Landscape Photography Mistake No. 5: Flat, dull light
Professional photographers will wait for days, weeks and even months or seasons to get exactly the right light for a shoot.
Light quality makes a huge difference to an image, bringing colours to life and accentuating the contours of the land. Conversely, flat light and overcast skies can result dull, uninteresting images.
However, even the most enthusiastic photographers have demands that mean they don’t have the luxury of being able to wait and then drop everything because the light is right.
Many people are more likely to only be able to shoot outside of work hours and when family commitments allow.
Naturally this means that if they have some time to shoot a landscape, they want to make the most of it. This can mean shooting whatever the weather or light.
One way to deal with dull light is to switch to shooting monochrome images. If the sky is uniform and featureless why not borrow a sky from a shot with a better sky?
You need to match the nature of the light, but there’s nothing to stop you using a sky with a few heavy clouds rather than a featureless mass of grey or white.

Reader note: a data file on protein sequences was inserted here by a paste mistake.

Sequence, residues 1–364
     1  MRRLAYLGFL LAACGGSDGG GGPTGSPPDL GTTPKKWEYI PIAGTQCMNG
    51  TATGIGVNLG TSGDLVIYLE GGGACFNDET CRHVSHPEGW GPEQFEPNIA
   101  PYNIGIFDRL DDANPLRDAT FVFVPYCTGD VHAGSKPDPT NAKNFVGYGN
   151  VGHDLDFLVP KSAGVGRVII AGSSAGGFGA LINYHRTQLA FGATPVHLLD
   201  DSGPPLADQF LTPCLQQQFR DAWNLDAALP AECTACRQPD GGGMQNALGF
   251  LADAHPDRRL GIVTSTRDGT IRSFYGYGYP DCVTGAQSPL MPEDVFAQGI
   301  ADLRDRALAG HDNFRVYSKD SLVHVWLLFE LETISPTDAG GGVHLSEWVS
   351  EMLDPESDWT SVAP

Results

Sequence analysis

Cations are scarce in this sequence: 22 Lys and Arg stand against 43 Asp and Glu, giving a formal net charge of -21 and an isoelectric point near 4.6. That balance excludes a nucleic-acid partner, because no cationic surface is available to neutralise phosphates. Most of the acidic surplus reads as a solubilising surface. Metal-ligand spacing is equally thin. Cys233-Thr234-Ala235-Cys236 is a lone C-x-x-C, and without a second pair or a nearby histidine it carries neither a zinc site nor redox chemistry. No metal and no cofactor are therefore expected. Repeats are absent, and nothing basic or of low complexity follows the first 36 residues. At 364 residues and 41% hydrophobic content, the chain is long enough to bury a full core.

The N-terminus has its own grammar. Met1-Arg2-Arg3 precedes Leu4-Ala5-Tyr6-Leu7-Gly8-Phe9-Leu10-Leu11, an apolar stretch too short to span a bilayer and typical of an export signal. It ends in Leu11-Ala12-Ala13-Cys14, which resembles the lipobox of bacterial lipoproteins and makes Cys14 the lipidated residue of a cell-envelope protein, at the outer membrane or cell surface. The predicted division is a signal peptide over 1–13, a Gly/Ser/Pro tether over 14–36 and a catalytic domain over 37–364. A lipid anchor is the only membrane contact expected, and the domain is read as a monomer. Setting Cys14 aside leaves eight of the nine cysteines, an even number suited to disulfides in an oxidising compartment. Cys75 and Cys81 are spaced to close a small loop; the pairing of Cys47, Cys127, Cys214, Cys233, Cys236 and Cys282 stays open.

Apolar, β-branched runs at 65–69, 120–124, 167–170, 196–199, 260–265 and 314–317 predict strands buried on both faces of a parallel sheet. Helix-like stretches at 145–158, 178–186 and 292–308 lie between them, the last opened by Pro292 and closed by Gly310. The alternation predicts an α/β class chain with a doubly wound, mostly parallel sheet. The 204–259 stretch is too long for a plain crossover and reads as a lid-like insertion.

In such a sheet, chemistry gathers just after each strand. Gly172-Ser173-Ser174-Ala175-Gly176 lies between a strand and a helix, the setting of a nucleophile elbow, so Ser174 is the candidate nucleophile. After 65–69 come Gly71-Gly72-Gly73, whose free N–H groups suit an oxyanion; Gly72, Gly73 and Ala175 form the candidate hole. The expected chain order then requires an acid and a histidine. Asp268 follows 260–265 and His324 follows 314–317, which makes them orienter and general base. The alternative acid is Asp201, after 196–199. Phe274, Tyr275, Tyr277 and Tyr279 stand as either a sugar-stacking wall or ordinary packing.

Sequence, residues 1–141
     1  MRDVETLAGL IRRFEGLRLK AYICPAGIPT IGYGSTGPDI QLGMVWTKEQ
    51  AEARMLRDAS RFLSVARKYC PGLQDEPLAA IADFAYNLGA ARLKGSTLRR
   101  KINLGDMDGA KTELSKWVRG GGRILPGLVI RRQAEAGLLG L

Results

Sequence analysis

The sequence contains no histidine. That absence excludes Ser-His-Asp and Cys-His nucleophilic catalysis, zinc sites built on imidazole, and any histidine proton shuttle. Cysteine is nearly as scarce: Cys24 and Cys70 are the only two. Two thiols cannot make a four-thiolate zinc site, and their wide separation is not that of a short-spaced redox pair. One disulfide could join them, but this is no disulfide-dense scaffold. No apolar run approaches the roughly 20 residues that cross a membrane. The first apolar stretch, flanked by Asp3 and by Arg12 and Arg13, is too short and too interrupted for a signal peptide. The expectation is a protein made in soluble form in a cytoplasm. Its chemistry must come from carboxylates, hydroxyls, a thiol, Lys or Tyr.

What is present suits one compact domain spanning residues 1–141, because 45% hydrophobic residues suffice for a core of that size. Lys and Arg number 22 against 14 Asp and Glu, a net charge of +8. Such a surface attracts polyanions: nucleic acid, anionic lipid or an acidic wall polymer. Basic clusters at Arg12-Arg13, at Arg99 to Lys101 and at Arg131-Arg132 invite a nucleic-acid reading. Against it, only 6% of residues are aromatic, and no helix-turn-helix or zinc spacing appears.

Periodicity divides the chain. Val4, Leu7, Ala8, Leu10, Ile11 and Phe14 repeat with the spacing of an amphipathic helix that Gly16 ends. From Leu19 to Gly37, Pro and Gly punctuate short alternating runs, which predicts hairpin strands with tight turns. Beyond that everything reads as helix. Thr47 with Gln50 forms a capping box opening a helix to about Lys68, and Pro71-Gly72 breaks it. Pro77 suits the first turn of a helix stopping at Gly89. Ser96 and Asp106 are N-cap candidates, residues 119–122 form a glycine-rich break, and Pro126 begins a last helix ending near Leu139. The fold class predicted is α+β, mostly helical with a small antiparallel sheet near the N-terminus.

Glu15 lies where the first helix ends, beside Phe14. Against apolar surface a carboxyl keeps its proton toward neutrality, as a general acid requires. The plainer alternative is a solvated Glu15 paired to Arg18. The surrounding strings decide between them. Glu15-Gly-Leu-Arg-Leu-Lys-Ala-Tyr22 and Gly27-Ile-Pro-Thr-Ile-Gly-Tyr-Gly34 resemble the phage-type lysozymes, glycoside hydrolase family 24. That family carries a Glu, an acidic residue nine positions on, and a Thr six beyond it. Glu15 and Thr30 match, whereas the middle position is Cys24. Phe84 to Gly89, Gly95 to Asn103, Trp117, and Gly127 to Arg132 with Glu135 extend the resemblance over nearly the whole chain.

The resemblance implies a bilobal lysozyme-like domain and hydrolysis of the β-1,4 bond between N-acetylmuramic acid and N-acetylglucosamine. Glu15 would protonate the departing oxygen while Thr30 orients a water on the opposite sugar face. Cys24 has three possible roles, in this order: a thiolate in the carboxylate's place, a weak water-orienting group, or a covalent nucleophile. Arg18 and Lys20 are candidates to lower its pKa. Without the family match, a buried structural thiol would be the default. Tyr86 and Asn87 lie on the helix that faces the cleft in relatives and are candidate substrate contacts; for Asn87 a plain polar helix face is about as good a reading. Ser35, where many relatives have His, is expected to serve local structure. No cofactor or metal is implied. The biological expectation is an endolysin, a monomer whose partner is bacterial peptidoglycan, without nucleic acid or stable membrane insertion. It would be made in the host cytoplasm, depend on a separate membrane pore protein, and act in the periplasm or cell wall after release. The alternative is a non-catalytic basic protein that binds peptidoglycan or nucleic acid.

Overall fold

Shoot raw files, or raw and JPEG files simultaneously with the camera set to its monochrome mode to allow you to see how the scene looks in black and white while still having a full-colour image to convert.
When you make the conversion use the contrast and dodging and burning tools to create atmospheric monochrome landscapes.
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Landscape Photography Mistake No. 6: Strong shadows
The opposite of dull light, strong sunlight, brings its own problems – deep shadows and harsh highlights.
As a rule it’s generally best to shoot landscape images early in the morning, late in the afternoon or in the early evening; the key being that the sun is at a relatively low angle in the sky.
As well as being stronger and brighter in the middle of the day, the sun is almost directly above the landscape and objects cast short, deep shadows that reveal little detail.
The lower, weaker sun of morning and evening results in longer, softer shadows that accentuate the form of the land.
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